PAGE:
2017 Was the Second Hottest Year on Record

NASA just released its annual report.

NASA

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It’s official: 2017 was one of the hottest years ever recorded on Earth. On Thursday, NASA reported that only 2016 was warmer.  

Every year, NASA collects data on the planet’s temperature record and releases a report that explains climate trends. On average, the planet’s surface temperature has risen about 2 degrees Fahrenheit during the last 100 years, a change that can be blamed on the increasing amount of human-made emissions, such as carbon dioxide. “[T]emperatures over the planet as a whole continue the rapid warming trend we’ve seen over the last 40 years,” Gavin Schmidt, director of the Goddard Institute for Space Studies that conducted the study said in a press release. 

Notably absent in 2017’s climbing temperatures was the presence of El Niño, a weather pattern that warms up the Pacific Ocean and contributed to 2016’s record-setting heat. Still, in 2017, the US spent a record $306 billion on climate-fueled catastrophes, including 16 billion dollar disasters such as the California wildfires and Hurricane Harvey in southeast Texas.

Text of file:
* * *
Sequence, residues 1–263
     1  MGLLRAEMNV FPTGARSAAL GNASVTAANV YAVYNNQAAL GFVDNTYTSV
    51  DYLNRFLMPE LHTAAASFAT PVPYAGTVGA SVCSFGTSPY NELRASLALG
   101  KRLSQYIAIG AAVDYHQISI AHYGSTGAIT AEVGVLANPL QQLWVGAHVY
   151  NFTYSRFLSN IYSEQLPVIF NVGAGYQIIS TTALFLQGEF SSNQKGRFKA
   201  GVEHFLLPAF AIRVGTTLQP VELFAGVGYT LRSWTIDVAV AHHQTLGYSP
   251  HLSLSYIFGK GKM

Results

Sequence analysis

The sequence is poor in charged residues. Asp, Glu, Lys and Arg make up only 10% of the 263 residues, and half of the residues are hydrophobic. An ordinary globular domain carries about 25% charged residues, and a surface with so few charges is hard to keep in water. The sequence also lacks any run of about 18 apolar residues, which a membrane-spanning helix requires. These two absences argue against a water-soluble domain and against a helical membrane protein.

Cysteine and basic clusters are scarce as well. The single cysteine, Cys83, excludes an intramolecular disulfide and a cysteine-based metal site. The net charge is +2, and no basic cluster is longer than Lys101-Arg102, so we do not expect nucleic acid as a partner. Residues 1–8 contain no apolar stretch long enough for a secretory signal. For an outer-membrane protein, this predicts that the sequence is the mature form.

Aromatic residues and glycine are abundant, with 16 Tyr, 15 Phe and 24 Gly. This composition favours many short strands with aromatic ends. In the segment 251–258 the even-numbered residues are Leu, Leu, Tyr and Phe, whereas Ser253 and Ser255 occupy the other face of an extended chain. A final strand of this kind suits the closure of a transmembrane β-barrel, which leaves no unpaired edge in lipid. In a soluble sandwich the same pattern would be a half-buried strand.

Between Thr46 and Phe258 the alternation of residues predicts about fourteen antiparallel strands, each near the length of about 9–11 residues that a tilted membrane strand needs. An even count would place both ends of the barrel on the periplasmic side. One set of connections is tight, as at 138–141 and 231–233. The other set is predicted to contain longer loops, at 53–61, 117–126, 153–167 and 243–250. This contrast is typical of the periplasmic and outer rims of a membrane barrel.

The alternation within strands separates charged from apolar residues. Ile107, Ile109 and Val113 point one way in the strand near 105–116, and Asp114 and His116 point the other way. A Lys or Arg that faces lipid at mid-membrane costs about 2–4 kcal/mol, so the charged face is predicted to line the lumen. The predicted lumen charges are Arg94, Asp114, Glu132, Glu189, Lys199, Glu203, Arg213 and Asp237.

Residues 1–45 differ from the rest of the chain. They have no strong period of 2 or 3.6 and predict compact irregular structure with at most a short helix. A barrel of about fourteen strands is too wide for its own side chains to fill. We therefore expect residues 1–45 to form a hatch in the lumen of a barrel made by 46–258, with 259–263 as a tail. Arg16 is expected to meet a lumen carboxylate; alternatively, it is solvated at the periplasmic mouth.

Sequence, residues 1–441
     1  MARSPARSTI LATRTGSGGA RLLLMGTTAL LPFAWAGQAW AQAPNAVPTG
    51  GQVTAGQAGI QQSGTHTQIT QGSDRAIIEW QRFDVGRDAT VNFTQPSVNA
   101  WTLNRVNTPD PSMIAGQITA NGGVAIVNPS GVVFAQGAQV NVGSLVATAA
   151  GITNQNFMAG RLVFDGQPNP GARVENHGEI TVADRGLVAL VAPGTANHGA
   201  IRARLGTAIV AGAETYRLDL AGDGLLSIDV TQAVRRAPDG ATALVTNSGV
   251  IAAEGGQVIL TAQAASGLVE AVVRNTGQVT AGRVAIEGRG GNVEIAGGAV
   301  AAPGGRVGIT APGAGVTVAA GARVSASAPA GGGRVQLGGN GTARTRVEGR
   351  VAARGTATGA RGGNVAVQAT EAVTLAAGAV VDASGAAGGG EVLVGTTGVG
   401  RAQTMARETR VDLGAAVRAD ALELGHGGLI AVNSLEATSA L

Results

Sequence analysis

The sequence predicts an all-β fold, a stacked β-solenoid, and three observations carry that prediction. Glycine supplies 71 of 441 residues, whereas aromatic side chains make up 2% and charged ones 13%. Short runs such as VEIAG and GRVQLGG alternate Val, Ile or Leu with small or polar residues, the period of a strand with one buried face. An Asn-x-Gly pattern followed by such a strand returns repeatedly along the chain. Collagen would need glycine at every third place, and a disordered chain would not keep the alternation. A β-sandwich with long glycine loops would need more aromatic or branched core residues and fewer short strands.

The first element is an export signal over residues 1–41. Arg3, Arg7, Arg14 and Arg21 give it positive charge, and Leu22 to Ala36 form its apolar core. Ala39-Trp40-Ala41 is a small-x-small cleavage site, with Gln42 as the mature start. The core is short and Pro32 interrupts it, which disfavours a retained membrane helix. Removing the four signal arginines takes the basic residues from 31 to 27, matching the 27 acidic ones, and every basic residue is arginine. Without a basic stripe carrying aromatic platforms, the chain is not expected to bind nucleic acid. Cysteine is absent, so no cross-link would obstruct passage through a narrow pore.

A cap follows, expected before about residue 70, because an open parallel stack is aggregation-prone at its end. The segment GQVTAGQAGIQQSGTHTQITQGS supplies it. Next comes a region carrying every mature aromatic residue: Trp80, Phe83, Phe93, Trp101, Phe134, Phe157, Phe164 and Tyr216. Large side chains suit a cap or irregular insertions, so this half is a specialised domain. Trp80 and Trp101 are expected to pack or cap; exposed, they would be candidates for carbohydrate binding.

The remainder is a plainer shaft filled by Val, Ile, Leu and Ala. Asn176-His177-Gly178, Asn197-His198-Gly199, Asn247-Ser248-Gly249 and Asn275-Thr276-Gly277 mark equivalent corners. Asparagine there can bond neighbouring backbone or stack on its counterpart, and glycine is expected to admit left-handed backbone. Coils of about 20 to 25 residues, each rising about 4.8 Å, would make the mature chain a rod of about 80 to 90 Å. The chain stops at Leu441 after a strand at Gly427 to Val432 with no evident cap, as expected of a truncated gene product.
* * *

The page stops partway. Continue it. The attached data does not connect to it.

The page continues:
The National Oceanic and Atmospheric Administration, which also follows the Earth’s temperatures but uses a different method from NASA, concluded that 2017 was the third warmest year—after 2016 and 2015. 

This new data means that 17 of the 18 hottest years on record have all occurred since 2001. “What we’re seeing is an increasing string of years of temperatures more than 1 degree above the pre-industrial era,” Schmidt told the New York Times, “and we’re not going to go back.” 

More MotherJones reporting on Climate Desk

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We didn't know what to expect when we told you we needed to raise $400,000 before our fiscal year closed on June 30, and we're thrilled to report that our incredible community of readers contributed some $415,000 to help us keep charging as hard as we can during this crazy year.

You just sent an incredible message: that quality journalism doesn't have to answer to advertisers, billionaires, or hedge funds; that newsrooms can eke out an existence thanks primarily to the generosity of its readers. That's so powerful. Especially during what's been called a "media extinction event" when those looking to make a profit from the news pull back, the Mother Jones community steps in.

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